Observe the ass … his character is about perfect, he is the choicest spirit among all the humbler animals. — Mark Twain, “Pudd’nhead Wilson”
The Donkey Show Conceived by Randy Weiner. Directed by Diane Paulus and Randy Weiner. Presented by the American Repertory Theater at Zero Arrow Street, Cambridge, MA Presented by American Repertory Theater, at OBERON (Zero Arrow Theater), Cambridge, MA through January 9, 2010.
Reviewed by Bill Marx
The notion that theater should be visceral and interactive isn’t new: back in the ‘30s Bertold Brecht famously asserted that theater should aim for crowd-friendly, live-or-die side-taking energy of a baseball game. But for Diane Paulus, the new artistic director of the American Repertory Theatre, the impression left by her fun (given your level of tolerance for disco, high-priced drinks, and Shakespearean kitsch) but silly debut production/disco dance party suggests that theater may not be at the center of her version of a theatrical event. At least this time around, drama turns out to be an attenuated side show at the circus.
Brecht the Marxist desires theater that galvanizes all ages. Paulus, programming in a balkanized American consumer culture, tailors her theater events for niche audiences. “The Donkey Show” is firmly aimed at a younger demographic that is into ‘70s retro: to my surprise, the audience knew the words to “YMCA.” No chance, however, that they will be exposed to any of Shakespeare’s poetry during the evening — there are no lines from the play while the plot has been sliced, diced, and snorted into an incoherent hash of sex, drugs, athletics, and supernatural doings at the Mafia-owned Club Oberon.
In “The Donkey Show” Shakespeare’s romance exists solely to provide opportunities for gymnastic eye candy. Sweaty, nimble, and buff, A.R.T. cast members jump, skitter, climb, cavort, and undulate among the dancing party goers; they scamper up and down the walls, platforms, tables, and stairs in the cabaret-ized Zero Arrow Theater. Their colorful costumes are skimpy and glittery; the lighting glaring.
The conga line of disco tunes, from “I Love the Nightlife’’ to “Never Knew Love Like This Before’’ provide jokey commentary on the dramatic action, such as it is. To my eyes, the audience’s attention drifted during the broad Bardic interludes: the young’uns were patiently waiting for the next classic boody-shaking song to spin. And who could blame them? The Bard has a snow ball’s chance in Paulus’s “Disco Inferno.”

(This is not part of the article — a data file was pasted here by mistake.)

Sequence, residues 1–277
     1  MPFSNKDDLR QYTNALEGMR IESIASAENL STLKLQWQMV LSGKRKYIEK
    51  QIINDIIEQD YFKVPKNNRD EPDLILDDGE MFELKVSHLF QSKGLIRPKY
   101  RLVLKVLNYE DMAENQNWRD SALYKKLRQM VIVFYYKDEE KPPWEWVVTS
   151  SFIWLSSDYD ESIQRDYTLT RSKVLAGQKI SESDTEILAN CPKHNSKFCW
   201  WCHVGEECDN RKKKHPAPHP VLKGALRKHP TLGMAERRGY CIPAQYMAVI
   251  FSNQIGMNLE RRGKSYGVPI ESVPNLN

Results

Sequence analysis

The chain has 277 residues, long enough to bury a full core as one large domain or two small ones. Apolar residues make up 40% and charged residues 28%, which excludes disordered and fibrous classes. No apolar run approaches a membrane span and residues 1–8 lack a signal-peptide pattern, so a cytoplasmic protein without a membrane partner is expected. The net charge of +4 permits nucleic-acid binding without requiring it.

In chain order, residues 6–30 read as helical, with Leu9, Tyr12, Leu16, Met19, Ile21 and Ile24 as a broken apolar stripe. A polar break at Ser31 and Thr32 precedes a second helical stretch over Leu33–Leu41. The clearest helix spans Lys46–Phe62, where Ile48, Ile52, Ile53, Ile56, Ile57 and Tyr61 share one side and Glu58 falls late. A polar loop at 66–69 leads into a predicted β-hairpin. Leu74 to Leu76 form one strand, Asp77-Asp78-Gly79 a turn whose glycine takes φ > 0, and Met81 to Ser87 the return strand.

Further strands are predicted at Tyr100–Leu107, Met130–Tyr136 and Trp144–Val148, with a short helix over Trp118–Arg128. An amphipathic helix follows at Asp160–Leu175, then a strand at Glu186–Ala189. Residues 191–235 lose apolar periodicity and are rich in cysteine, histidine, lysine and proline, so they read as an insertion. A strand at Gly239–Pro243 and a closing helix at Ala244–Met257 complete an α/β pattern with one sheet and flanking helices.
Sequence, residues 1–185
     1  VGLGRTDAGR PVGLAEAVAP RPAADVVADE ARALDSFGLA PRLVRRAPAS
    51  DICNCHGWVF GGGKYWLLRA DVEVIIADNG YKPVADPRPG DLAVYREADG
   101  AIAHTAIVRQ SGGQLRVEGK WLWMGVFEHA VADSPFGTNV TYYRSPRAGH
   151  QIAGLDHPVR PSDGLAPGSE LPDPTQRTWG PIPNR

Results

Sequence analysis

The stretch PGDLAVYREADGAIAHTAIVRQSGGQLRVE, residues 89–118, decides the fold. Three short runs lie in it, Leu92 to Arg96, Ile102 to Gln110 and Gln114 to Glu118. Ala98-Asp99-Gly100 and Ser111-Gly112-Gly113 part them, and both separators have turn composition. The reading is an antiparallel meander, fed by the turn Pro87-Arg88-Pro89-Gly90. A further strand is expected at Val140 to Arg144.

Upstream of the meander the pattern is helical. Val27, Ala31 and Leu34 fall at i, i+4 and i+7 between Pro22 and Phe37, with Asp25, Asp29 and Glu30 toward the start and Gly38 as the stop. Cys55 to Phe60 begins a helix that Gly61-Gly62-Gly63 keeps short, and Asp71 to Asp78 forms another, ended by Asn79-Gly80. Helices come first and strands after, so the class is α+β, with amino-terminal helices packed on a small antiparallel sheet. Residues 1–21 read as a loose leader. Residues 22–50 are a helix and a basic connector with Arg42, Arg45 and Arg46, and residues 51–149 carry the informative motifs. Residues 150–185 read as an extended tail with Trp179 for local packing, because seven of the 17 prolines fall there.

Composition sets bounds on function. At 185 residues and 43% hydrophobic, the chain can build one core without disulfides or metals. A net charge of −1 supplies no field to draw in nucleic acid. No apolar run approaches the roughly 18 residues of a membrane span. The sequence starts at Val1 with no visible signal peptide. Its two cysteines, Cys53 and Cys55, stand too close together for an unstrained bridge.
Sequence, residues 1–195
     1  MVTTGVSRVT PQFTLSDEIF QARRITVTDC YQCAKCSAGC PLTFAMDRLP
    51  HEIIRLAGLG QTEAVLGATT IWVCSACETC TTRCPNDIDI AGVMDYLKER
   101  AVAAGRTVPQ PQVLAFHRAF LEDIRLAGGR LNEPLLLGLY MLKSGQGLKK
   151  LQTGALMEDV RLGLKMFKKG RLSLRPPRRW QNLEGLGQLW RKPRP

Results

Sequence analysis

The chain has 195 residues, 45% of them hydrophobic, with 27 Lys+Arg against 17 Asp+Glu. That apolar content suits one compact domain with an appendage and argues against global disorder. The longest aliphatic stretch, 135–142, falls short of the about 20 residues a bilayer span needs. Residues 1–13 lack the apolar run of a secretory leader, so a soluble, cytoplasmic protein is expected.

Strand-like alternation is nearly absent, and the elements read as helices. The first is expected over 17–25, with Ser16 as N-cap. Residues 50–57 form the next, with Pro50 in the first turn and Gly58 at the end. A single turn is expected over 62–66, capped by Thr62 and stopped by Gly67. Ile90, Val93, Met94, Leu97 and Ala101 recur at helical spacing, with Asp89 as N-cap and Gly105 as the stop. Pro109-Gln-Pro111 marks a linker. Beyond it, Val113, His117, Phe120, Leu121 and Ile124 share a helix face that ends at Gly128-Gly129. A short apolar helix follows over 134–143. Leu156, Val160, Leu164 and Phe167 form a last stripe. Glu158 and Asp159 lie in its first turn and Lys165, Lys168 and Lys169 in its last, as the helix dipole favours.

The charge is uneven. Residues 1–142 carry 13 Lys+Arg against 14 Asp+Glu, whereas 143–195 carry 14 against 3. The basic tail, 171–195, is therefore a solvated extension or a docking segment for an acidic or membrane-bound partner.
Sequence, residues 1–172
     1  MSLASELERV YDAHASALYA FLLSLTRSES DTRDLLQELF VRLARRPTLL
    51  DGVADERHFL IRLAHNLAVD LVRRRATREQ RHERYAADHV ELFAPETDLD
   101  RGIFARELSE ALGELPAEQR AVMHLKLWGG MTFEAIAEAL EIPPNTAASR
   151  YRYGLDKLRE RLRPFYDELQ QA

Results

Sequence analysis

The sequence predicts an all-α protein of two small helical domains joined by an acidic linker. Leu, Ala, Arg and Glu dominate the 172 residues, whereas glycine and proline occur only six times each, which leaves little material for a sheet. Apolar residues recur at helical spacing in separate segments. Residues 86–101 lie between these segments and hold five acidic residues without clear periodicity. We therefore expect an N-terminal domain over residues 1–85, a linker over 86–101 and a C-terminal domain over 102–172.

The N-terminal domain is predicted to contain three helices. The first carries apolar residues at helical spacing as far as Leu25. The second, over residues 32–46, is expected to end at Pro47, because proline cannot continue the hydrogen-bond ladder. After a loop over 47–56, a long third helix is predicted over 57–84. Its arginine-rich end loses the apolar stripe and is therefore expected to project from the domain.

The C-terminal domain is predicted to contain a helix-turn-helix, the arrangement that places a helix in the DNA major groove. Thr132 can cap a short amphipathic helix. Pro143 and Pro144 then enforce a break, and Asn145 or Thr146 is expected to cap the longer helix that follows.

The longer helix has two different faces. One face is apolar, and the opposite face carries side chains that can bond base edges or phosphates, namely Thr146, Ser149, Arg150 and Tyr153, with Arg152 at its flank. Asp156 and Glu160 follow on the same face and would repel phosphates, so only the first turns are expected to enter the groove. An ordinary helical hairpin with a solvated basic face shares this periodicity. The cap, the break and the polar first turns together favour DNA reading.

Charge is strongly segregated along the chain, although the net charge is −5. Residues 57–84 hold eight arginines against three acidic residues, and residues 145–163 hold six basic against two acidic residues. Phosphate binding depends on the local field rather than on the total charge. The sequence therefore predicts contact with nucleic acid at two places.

Still, watching the pleasure-seeking mob of twentysomethings boogying away, flirting with the performers and practicing pick-up lines is a refreshing sight given the diminishing army of Gray Panthers who usually attend the theater. And for those oldsters who survived the disco period it was amusing to hear the tunes and even shake an antique groove thing.
Beyond saying that the experience was galvanic but empty, Paulus and Weiner’s dance-a-thon disarms criticism. The A.R.T cast members execute lots of gender bending and wild pantomime during the evening but the event isn’t about calibrated comic performances but the art of hyper-shaking a leg.
The ideal evaluators of “The Donkey Show” would be an “expert” panel inspired by Reality-TV shows such as “So You Think You Can Dance,” with numerical scores for the best hoofers. For me, the quartet of male fairies (Mike Heslin, Cameron Oro, Tom Fish, and Eric Johnson) stole the show, flipping and flopping with the maximum of personality. They had no dramatic role to play so they had the most freedom to do their own thing.
The challenge for Paulus is that, once she pulls in the young, will she provide anything provocative and dramatic for them or for the rest of us?
The with-it “Boston Globe” reviewer argues that some of the darker elements elements in Shakespeare’s play are on display but I don’t see them amid the campy exhibitionism. Yes, cocaine is used for nefarious sexual purposes and there’s an imaginatively stylized image of woman-on-donkey action. But the illicit is treated as just another giddy part of the cartoon antics, a funky parody of chic “bad” behavior. How disturbing can a show be that advertises in its program that it is not just entertainment but a potential franchise (“The Blue Donkey Show”?), available to perk up “birthdays, girls’ nights out, bachelorette parties, corporate events, and more.” (What about Bat Mitzvahs?)
The most intriguing part of “The Donkey Show” is that, even though it claims to be a nostalgic homage to the outré hedonism of the ‘70s, it was first produced in 1999, its success in New York and around the world paralleling the rise and fall of the Bush Administration, the cheerleader for the deregulated economic excess and shop-till-your-credit-card-dies mania that has led to the current worldwide financial blow out. In this sense the show reflects rather than examines the party-on-to-disaster spirit of the time.
Of course, Shakespeare knew that living “la vida loca” could only last for so long: during the final speech in “A Midsummer Night’s Dream” Puck returns the delighted if chastened audience to reality (“That you have but slumb’ red here/ While these visions did appear”). But Paulus and “The Donkey Show” don’t want the good times to stop: “Don’t let the party end when the DJ stops spinning. Share your pics and videos on our fan page” proclaims the program. It will be fascinating to see when the belly flop into escapism ends and contact with reality begins in Paulus’s populist dreams.